New regulations will help facial recognition but hard work remains, UK Commissioner says
“Sunny uplands” are ahead for the facial recognition industry, but biometrics providers and integrators will have to be mindful of “crocodiles in the ravines” before they get there, UK Surveillance Camera Commissioner Tony Porter told the audience at the Global MSC Security online event on ‘AI and Analytics in Video Surveillance.’
The UK-based event was attended by participants from 30 different countries, who heard Porter predict a more permissive approach to regulating AI in the UK as GDPR ceases to apply there following Brexit.
Philip Ingram of Grey Hare Media discussed the role of CCTV surveillance camera footage in the reconstruction of events around the attempted assassination of former GRU operative Sergei Skripal in the UK, including the ultimate identification of the perpetrators. The tale brings up some points of potential debate around surveillance footage, such as how to coordinate footage from private and public cameras for investigations.
Derek Maltby of Global MSC Security interviewed Pelco VP of Sales for Europe and Africa Noel Sheeran about the company’s acquisition by Motorola Solutions earlier this year and the state of the market.
Porter, whose background includes law enforcement, counter-terrorism and business, and whose tenure as surveillance camera commissioner is due to end in December, reviewed the observations and guidance that come out of the Bridges lawsuit against the use of facial recognition by UK police.
Porter was one of several commissioners participating in the case as an ‘amicus curiae,’ but he says he learned several lessons from it. The court recognized the role of the Surveillance Camera Commissioner’s Office and the code of practice it created in regulating live facial recognition. A basket of other laws and standards were also cited in the decision.
Porter urged those in the surveillance industry to ensure their compliance with the code of practice. If they do so, the live facial recognition can be lawful, in the right circumstances.
The court ruled that in the Bridges case, the police had not satisfied legal requirements related to who was on the watch-list and where they were being looked for, that they had not investigated the possibility of unequal treatment of different demographics by the technology, and that their process, separate from the technology, needed to be assessed.
Data protection is not the whole area of compliance concern where facial recognition is concerned, Porter reminded law enforcement in the audience. The full burden of compliance for public sector facial recognition deployments actually takes in several different laws that are unrelated to data protection, and several of those involve complex, multi-step processes themselves.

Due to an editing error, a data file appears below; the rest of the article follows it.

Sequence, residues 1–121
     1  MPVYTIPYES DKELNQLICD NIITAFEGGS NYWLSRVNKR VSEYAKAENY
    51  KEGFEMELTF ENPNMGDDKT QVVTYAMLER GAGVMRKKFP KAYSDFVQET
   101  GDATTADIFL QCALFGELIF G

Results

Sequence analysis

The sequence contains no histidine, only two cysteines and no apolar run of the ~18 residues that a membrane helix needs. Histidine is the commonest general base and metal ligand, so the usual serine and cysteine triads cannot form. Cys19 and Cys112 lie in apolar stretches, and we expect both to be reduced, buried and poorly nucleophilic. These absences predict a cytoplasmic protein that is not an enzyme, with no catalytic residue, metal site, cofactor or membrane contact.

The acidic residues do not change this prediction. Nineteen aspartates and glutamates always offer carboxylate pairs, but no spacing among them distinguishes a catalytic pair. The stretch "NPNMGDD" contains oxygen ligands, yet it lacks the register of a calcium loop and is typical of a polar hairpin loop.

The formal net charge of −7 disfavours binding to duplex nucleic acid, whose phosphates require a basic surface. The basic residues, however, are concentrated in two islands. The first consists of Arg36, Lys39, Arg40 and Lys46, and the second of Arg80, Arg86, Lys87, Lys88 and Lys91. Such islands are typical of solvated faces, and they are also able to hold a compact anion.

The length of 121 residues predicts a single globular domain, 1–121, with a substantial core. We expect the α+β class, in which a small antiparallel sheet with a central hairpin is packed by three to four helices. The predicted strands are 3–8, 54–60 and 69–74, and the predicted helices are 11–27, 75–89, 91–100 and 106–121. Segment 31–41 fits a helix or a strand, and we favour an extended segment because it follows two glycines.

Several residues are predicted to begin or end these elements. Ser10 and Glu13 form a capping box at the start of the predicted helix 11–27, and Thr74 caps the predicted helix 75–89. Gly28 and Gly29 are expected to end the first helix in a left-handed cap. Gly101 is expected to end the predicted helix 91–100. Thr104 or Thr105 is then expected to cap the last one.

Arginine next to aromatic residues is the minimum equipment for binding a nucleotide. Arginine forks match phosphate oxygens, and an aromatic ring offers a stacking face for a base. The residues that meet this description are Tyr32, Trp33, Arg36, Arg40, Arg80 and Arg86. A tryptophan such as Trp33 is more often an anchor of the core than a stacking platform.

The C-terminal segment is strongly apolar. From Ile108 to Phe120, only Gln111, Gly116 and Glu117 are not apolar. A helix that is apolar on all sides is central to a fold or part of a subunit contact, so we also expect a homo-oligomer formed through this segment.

In a report being issued to police departments, Home Office and government ministers next week, Porter recommends a national procurement strategy for police, self-analysis capabilities for facial recognition systems, and national standards for the technology. Ethical oversight, even beyond the normally-considered legal statutes, is necessary, he says, but so are integrated impact assessments to replace the numerous assessments organizations are obliged to carry out for each implementation.
He also says he will urge his predecessor to continue his work on guidance for installers.
Ultimately, the technology “will and must be used,” Porter said, but police require solid boundaries to know what they are expected to do to use it properly.
“This is technology that can save lives, make life better for us all, so let’s be sensible about developing criteria around its use,” he said. That would include decision-making models for watch-lists, and an independent authorizing officer.
For the private sector, no guidance for live facial recognition exists, which Porter identifies as a troubling gap. While he can see many potential uses for the technology, clarity in both rules and justifications, as data protection impact assessments will require, are needed. Regulators must step up, Porter says.
Christian Morin of Genetec has observed a shift towards more globally distributed manufacturing capacity for surveillance cameras, and away from relying on manufacturers all based in China.
Ingram noted the “growth of buzzwords” in the surveillance technology industry, often in the absence of a corresponding growth of understanding, during a question-and-answer panel session along with Porter Morin and Maltby.
Optimism was expressed for help in the form of updated legacy regulation, and surveillance technology providers were urged to foster understanding among operators and help train them to know what to do with the impressive new capabilities they can offer them.
The balance between security and privacy, from an intelligence perspective, can never be quite right for an extended period of time, because of the changes among threats, technology, and society, Ingram argues.